The Little Book
More About The Little Book by Selden Edwards
This item is Non-Returnable.
- ISBN-13: 9780452295513
- ISBN-10: 0452295513
- Publisher: Plume Books
- Publish Date: May 2009
- Page Count: 405
- Reading Level: Ages 18-UP
- Dimensions: 8.36 x 5.44 x 0.98 inches
- Shipping Weight: 0.76 pounds
July paperbacks for reading groups
This novel-about-a-novel is a smartly crafted narrative that deconstructs the writing process. John, the book’s central character, has composed a work of fiction that fails to live up to the standards of his girlfriend, Annick. She thinks it lacks life, so John undertakes an overhaul of the manuscript, ending up with a memoir about his childhood in Requiem, Massachusetts. Back then, John was known as Johnny, and—along with Audrey, his sister—he grew up mostly in the care of Frances, their crazy but loving mother. Frances, who took baths in gasoline, believed her real children were kidnapped and that John and Audrey were aliens. Their father, Rainey, a truck driver, was on the road more often than not and seemed to be hiding something from the family. The narrative juxtaposes the past and the present, comparing John’s unorthodox upbringing with his modern life, as he composes the memoir, hangs out with friends and interviews for various teaching jobs. The shifts in time and place set up a fascinating contrast that illuminates the practice of writing and the slippery nature of memory. Dufresne manipulates complex, varied narrative strands with the skill of a master storyteller. This is a multilayered novel that’s sure to appeal to fans of literary fiction. A reading group guide is included in the book.
The Little Book
Edwards’ debut novel is a whimsical story of time travel that blends fiction and fact. Magically carried into the past, Stan “Wheeler” Burden—47-year-old rock star, history buff and heir to a prestigious Boston banking family—moves from 1980s San Francisco to 1890s Vienna, without a clue as to how the uprooting occurs. Wheeler sets out to make the best of it, outfitting himself in fashionable clothes and making equally fashionable friends—a group of intellectuals that includes none other than Sigmund Freud. Freud, who listens to Wheeler’s strange stories about the future, is convinced that his new friend suffers from mental delusions and takes on the role of guardian and mentor. While stranded in this strange new world, Wheeler falls in love with a beautiful American woman and learns some incredible facts about his own peculiar family. Edwards, a retired high school English teacher and headmaster who spent more than 30 years working on the novel, fills this ingenious tale with cleverly staged incidents involving famous figures—Winston Churchill, Adolf Hitler and Gustav Mahler all have roles. Fast-paced and full of wonderful dialogue, with a true hero at the helm, the novel spans nine decades, covering plenty of territory along the way. In the end, the answer to the book’s central puzzle—how Wheeler managed to travel through time—proves the most amazing story of all. A reading group guide is available online.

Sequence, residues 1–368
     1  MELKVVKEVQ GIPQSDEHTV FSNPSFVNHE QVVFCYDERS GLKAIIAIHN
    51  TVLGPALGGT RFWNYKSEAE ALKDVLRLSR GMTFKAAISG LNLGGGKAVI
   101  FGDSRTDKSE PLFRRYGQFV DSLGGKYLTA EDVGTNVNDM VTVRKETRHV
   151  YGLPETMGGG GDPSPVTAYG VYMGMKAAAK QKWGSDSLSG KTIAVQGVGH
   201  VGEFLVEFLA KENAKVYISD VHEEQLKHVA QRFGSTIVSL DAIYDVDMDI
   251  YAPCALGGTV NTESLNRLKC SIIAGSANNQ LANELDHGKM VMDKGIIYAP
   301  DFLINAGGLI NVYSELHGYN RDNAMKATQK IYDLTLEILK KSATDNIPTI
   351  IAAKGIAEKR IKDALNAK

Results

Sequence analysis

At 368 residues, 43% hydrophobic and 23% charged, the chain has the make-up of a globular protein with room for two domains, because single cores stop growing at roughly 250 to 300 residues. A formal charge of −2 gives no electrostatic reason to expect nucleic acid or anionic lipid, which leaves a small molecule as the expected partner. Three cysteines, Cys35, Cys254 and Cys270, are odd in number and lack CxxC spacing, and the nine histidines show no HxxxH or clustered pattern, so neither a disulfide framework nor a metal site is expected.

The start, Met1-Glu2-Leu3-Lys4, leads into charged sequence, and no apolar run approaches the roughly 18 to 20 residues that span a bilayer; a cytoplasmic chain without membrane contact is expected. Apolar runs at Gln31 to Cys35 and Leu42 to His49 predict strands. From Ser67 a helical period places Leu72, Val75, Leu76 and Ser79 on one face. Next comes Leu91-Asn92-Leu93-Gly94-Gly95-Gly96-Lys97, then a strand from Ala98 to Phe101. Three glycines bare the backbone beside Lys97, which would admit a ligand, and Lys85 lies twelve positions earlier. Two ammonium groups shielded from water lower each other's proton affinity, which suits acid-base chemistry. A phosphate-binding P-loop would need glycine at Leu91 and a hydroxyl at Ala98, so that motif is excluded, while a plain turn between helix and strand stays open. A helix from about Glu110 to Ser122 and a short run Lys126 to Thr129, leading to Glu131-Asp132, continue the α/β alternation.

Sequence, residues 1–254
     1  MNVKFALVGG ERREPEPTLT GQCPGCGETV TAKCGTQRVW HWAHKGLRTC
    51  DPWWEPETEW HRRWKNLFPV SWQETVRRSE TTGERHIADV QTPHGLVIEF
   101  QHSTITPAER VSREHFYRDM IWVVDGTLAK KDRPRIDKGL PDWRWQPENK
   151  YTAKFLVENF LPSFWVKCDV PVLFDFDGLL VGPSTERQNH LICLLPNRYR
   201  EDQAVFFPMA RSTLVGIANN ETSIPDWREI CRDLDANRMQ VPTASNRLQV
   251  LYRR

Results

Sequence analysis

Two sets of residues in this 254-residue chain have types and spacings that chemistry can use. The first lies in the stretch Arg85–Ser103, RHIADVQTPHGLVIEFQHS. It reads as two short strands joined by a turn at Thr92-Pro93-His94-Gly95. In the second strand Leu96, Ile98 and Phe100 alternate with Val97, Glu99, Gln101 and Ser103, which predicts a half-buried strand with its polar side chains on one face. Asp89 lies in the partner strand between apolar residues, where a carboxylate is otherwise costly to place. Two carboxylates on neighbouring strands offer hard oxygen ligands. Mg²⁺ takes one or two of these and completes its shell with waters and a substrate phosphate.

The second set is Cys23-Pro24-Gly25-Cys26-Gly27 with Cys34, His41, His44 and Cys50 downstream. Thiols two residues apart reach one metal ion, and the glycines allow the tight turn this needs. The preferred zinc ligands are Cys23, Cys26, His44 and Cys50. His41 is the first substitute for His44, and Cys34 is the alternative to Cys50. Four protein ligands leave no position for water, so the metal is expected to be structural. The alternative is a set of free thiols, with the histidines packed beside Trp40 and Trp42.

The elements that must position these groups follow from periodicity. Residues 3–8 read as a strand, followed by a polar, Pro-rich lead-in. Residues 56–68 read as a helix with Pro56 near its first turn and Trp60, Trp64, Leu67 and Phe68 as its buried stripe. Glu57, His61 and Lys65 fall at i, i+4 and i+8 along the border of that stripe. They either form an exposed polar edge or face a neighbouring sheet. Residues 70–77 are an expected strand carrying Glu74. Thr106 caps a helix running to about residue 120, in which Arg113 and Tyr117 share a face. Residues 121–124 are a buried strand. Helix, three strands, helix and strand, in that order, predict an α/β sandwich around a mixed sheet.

The Road Home
Tremain’s latest book is a powerful novel about immigration and its attendant complexities. Lev, a widower from Eastern Europe, comes to London in search of a job that will allow him to support the daughter and mother who wait for him back home. Lev—who speaks scant English and has precious little money—is anxious and skeptical about the move and soon suffers from culture shock. He doesn’t quite know what to make of Western Europe’s speed and openness—its sexy advertisements and poorly cooked food—or its inhospitable attitude toward transplants like himself. But things take a turn for the better when he’s hired as a kitchen worker in a fancy restaurant. He also befriends a lonely Irishman named Christy, who drinks too much and has his own past to mourn. Christy gives Lev a room in his house—a place that feels like home—and Lev does his best to assimilate, becoming romantically involved with a young coworker named Sophie and learning to tolerate the tyrant ways of Gregory, his boss. Intelligent, observant and open-minded, Lev is a likable central character, and his attempts to combat the homesickness that inevitably plagues him make for a poignant narrative. Winner of the prestigious Orange Prize, this is a timely, moving novel—a beautifully written account of the immigrant experience. A reading group guide is included in the book.